FBI Mentions Real Estate Industry

The FBI specifically mentions the real  estate industry in particular as one of their examples:

Real Estate Transactions
The BEC/EAC scam targets all participants in real estate transactions, including buyers, sellers, agents, and lawyers. The IC3  (The Internet Crime Complaint Center) saw a 480% increase in the number of complaints in 2016 filed by title companies that were the primary target of the BEC/EAC scam. The BEC/EAC perpetrators were able to monitor the real estate proceeding and time the fraudulent request for a change in payment type (frequently from check to wire transfer) or a change from one account to a different account under their control.”

According to the FBI, “Business E-mail Compromise (BEC) is defined as a sophisticated scam targeting businesses working with foreign suppliers and/or businesses that regularly perform wire transfer payments. The E-mail Account Compromise (EAC) component of BEC targets individuals that perform wire transfer payments.”

Two Precautions To Avoid Fraud In A Real Estate Transaction

It is important, when you are involved in a real estate transaction, to take two precautions if you  are ever contacted about wiring any funds.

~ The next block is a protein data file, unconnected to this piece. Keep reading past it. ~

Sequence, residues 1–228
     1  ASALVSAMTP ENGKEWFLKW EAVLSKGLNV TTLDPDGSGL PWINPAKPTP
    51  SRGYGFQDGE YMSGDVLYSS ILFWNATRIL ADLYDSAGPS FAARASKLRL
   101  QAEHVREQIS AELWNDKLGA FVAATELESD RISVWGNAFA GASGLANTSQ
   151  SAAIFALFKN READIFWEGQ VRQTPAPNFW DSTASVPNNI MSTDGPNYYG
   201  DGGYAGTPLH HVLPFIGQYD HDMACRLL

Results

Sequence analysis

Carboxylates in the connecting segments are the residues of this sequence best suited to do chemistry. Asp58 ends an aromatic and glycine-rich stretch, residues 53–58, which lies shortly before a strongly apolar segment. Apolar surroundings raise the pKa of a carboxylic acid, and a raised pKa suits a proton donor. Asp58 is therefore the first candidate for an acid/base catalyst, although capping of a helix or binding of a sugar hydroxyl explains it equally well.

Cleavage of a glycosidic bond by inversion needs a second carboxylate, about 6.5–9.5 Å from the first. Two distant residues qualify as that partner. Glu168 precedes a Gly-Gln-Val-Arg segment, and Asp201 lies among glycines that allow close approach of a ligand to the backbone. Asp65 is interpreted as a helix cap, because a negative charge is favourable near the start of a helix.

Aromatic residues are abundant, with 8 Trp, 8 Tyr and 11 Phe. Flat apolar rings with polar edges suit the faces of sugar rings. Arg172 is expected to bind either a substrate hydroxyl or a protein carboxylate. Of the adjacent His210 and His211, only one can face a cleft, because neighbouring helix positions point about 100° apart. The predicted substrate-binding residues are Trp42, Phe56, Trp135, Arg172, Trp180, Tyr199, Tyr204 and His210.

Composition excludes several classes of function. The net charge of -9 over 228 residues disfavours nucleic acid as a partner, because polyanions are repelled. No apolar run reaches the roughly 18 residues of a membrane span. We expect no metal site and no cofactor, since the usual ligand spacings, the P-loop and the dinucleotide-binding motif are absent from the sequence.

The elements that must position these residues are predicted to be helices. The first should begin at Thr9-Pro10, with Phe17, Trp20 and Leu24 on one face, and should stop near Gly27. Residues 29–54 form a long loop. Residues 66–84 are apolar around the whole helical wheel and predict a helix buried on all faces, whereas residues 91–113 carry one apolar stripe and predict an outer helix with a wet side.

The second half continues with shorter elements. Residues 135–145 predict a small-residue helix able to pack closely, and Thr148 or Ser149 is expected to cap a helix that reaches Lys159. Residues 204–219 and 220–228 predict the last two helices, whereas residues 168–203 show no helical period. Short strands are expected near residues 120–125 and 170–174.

1. Obtain the phone number of your real estate broker and your escrow agent at your first meeting
  2. Call the known phone number to speak directly with your broker or escrow officer to confirm wire instructions PRIOR to wiring any funds.

Paying Attention

“Most victims report using wire transfers as a common method of transferring funds for business purposes. However, some victims report using checks as a common method of payment. The fraudsters will use the method most commonly associated with their victim’s normal business practices. The fraud has evolved to include the compromising of legitimate business e-mail accounts.  They also request Personally Identifiable Information (PII) or Wage and Tax Statement (W-2) forms for employees, and may not always be associated with a request for transfer of funds.”

  • Be suspicious of requests for secrecy or pressure to take action quickly.
  • Immediately report and delete unsolicited e-mail (spam) from unknown parties. DO NOT open spam e-mail, click on links in the e-mail, or open attachments. These often contain malware that will give subjects access to your computer system.
  • Do not use the “Reply” option to respond to any business e-mails. Instead, use the “Forward” option and either type in the correct e-mail address or select it from the e-mail address book to ensure the intended recipient’s correct e-mail address is used.
  • Beware of sudden changes in business practices. For example, if a current business contact suddenly asks to be contacted via their personal e-mail address when all previous official correspondence has been through company e-mail, the request could be fraudulent. Always verify via other channels that you are still communicating with your legitimate business partner.